“It is better to Be with yourself, Not by yourself” Life Lessons from Iyanla Vanzant

0 May 09, 2017 By Dang

At the youthful age of 63, Iyanla Vanzant has so many words of wisdom and life lessons that every teen, twenty-something and thirty-something need to live by

Please read below excerpts from her interview with XONecole

How do women learn to be okay with being by ourselves and not needing the validation of a man?

Being by yourself is very different than being with yourself. “By Yourself” is when you feel the lack, the separation, and the deprivation of something or someone else. Being “with yourself” is when you’re taking the time to get acquainted or reacquainted with who you are and the life that’s flowing within you.

How your life unfolds is determined by the choices you make. I had three kids by the time I was 21, two at 19. I didn’t want that, but I didn’t make choices that would have kept me from being in that situation. I didn’t get married because I wanted to, I got married because I grew up in a time where its bad enough to have one baby out of wedlock, how dare you have two? So let me marry the first ‘Boo Boo the Clown’ that comes through and wants me. Then I had to spend thousands of dollars to get out of that. It’s all about choices and decisions and not allowing outside pressures to push you in a direction or make decisions that don’t honor who you are. Not everyone wants to have a baby [mama] at 22 or even 28. I certainly didn’t want to have one at 16, but I didn’t make the right choices.

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Culturally, one of the things that helped me when I was unfolding as a woman were my sister circles. There were four of us and we got together and talked. Two of us had kids, one of us was in college, and the other was as lost as a shoe, but we all supported each other through that. I would tell young women gather within your age group and have three or four sister friends. Come together not to pressure each other, but to share how you’re doing and how you’re feeling.

What would you say to yourself in your 20s, 30s and 40s that helped you be as confident and content with yourself now that you’re 63?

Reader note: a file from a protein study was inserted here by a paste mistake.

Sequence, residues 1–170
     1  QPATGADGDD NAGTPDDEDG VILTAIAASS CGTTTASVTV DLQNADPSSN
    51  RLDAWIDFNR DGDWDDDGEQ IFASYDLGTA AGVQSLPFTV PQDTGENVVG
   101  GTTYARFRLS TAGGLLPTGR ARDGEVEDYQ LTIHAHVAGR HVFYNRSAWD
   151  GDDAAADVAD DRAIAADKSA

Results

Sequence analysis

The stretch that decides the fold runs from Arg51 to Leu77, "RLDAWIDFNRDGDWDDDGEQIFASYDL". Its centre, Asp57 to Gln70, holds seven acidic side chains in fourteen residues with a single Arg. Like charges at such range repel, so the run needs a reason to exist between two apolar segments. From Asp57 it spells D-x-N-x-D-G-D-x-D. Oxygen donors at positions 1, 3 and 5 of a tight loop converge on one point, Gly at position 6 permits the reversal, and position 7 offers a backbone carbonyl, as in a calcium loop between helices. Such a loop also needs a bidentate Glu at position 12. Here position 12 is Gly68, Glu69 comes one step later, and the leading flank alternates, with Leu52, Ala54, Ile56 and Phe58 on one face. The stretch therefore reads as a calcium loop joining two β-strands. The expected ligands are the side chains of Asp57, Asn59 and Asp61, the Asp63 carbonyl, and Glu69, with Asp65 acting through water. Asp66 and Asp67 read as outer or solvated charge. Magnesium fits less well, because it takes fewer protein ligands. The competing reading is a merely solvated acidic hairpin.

I have to take it even further back to my teens. I would tell my teenage self, ‘have fun, stop taking everything so seriously, and don’t tie yourself down to anyone or anything unless it’s moving you towards your vision.’

In my 20s: “What’s your vision boo?”
You have to have a vision for yourself and for your life. It’s not necessarily about what you’re going to do, but who do you want to be as a woman? Having that vision will help pull you forward.
At 30: “Just do it and stop complaining.”

The kids, the work, the babies, make time for yourself and just do it.

40s: “You have arrived!”
Because you’re not really a woman ’til you’re 40; everything else was busy work! Now you’re getting ready to move into the fullness of who you are, pay attention because you matter. You’re gonna sweat but you matter!

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Now at 63, I feel like I’m 20. At 20, I thought I knew everything and at 63 I understand I don’t know anything and I’m okay with that. When I see myself in my children and my grandchildren I say, ‘you look good on other people,’ they’re doing what I taught them. And I don’t have anything to prove to anybody so I can do what brings me joy. I’m no longer disturbed by the things people say about me, and the good news is I’ll probably forget half of it anyway (laughs). Read 67 year old Ayo Iroche Life Lessons

How do you find your purpose? When you speak of having a vision and having a plan, if you don’t know what you want to do, how do you know what God is leading you to do?

Doing, working, and purpose are three different things.
Your purpose isn’t for you; it’s for other people. Teaching, healing, leading, loving, nurturing, those are “purposes,” not “I’m going to be an engineer with a PhD from Harvard.” That’s work! You have to get clear about the difference. You’ve heard this saying before, “what would you do for the rest of your life for free?” What are you good at? What brings you joy that you would do whether or not you got paid for it? That’s your purpose. Remember that your purpose and what you have to do to make a living may be two completely different things.

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